Original Research

Challenges experienced by nurse educators developing postgraduate nursing diploma curriculum programmes, Gauteng

Nokuthula D. Buthelezi, Khumoetsile D. Shopo
Curationis | Vol 46, No 1 | a2447 | DOI: https://doi.org/10.4102/curationis.v46i1.2447 | © 2023 Nokuthula D. Buthelezi, Khumoetsile D. Shopo | This work is licensed under CC Attribution 4.0
Submitted: 06 December 2022 | Published: 29 August 2023

About the author(s)

Nokuthula D. Buthelezi, Quality in Nursing and Midwifery (NuMIQ), Faculty of Health Sciences, North-West University, Potchefstroom, South Africa; and, Gauteng Department of Health, Johannesburg, South Africa
Khumoetsile D. Shopo, Quality in Nursing and Midwifery (NuMIQ), Faculty of Health Sciences, North-West University, Potchefstroom, South Africa


Background: Nursing education’s positioning within higher education mandated public nursing education institutions to develop competent nurses to manage diverse disease profiles of the country. Nurse educators were tasked to develop a competency-based curriculum with emphasis on primary healthcare to help prepare nurses to be independent, leaders, researchers, and critical thinkers.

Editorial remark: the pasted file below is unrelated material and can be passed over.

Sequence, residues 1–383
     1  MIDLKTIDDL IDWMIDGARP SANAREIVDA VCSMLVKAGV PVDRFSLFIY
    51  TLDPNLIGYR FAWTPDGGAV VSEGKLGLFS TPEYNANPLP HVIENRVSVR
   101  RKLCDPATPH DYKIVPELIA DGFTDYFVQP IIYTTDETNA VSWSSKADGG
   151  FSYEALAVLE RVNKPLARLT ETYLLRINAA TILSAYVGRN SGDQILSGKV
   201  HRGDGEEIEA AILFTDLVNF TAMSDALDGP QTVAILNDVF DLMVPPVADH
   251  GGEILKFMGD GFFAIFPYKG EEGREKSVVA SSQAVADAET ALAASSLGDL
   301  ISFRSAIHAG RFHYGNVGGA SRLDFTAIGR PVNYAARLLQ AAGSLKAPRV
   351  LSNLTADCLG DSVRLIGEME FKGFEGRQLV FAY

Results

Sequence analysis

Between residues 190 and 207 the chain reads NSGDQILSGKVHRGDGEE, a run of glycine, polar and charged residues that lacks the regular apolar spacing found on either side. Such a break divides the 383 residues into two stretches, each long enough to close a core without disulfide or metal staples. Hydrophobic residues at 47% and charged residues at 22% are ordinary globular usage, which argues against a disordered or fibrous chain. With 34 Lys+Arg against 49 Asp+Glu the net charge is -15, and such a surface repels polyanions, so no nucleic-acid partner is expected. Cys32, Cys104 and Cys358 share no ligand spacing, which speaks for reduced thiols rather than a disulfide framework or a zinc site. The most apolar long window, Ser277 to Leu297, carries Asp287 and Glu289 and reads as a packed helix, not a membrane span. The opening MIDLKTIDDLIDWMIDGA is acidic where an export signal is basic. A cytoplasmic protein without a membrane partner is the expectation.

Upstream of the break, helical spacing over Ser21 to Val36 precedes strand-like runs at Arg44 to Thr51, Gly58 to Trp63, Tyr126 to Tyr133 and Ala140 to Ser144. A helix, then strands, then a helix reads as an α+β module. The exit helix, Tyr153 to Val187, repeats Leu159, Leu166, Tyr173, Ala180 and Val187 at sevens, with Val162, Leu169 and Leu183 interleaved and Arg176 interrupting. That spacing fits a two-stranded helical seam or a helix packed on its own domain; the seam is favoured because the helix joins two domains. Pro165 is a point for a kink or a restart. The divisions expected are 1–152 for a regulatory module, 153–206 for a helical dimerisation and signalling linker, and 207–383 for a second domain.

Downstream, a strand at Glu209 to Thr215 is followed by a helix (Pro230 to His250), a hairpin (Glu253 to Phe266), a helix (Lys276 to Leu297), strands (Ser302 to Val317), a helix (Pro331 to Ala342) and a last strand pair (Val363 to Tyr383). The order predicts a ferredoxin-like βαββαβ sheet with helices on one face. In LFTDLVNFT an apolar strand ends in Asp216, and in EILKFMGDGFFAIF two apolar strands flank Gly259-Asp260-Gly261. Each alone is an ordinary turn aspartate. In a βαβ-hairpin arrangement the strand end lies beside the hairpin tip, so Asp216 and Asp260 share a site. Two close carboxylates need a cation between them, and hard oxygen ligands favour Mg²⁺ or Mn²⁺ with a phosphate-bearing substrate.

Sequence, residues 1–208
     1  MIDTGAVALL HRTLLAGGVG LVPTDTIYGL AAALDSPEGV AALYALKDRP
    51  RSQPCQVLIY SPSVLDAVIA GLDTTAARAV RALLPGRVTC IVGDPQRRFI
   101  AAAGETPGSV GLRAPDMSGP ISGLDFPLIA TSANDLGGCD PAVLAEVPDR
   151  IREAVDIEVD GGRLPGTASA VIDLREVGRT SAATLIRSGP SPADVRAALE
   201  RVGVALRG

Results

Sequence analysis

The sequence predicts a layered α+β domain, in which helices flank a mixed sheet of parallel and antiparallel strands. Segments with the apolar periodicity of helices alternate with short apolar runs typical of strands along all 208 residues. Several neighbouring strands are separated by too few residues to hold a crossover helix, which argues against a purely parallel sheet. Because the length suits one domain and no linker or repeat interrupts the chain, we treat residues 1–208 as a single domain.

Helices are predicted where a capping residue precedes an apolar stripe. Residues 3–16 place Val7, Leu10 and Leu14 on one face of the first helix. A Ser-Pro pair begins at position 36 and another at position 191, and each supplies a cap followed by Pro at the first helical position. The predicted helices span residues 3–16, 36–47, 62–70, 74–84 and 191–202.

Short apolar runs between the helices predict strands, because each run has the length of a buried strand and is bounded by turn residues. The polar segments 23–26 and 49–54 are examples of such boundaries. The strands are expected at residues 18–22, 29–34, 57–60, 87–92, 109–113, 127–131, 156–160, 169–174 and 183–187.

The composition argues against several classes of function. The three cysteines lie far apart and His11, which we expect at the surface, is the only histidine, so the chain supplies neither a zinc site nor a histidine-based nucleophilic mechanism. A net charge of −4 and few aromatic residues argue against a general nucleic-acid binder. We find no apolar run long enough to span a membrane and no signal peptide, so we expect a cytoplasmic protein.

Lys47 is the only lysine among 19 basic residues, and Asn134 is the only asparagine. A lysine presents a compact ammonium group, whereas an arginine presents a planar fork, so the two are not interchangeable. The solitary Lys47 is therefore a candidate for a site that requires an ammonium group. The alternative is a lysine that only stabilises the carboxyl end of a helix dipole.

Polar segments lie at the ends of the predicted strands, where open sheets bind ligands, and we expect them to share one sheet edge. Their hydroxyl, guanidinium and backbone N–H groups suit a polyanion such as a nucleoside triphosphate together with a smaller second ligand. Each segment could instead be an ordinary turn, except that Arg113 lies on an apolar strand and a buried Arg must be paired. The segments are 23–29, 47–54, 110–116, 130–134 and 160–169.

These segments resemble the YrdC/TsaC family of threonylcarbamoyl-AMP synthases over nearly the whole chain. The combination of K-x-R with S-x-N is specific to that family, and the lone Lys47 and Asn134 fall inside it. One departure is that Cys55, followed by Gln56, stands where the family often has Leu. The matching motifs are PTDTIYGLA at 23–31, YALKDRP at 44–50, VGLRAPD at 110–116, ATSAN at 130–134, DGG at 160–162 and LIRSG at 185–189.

Objectives: To explore and describe the challenges experienced by nurse educators in Gauteng when developing the curriculum for the postgraduate nursing diploma programmes.

Method: An exploratory descriptive qualitative research design was used. Purposive sampling was followed to select the participants based on the inclusion criteria. Four focus group interviews were conducted, comprising of six participants each, leading to a sample of 30. Data collection were between March 2022 and April 2022. Thematic data analysis were performed following Tesch’s eight steps of analysis.

Results: Themes that emerged during data analysis were psychological and emotional impact, challenges with communication and interpersonal relations, nurse educators experienced transformation and empowerment, nurse educators encountered barriers that impacted on their allocated tasks, and, nurse educators demonstrated resilience with the curriculum development processes.

Conclusion: Participants reported positive and negative experiences they encountered during curriculum development. The findings revealed that nurse educators need support when involved in curriculum development, for instance, managerial, administrative, technological, financial, and most importantly capacitation, as this could enable them to work effectively without deterrents.

Contribution: This study highlights the need to train and support nurse educators when developing a curriculum to equip them with the necessary competencies.


competency-based approach; curriculum; experience; nurse educator; transition

Sustainable Development Goal

Goal 3: Good health and well-being


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Crossref Citations

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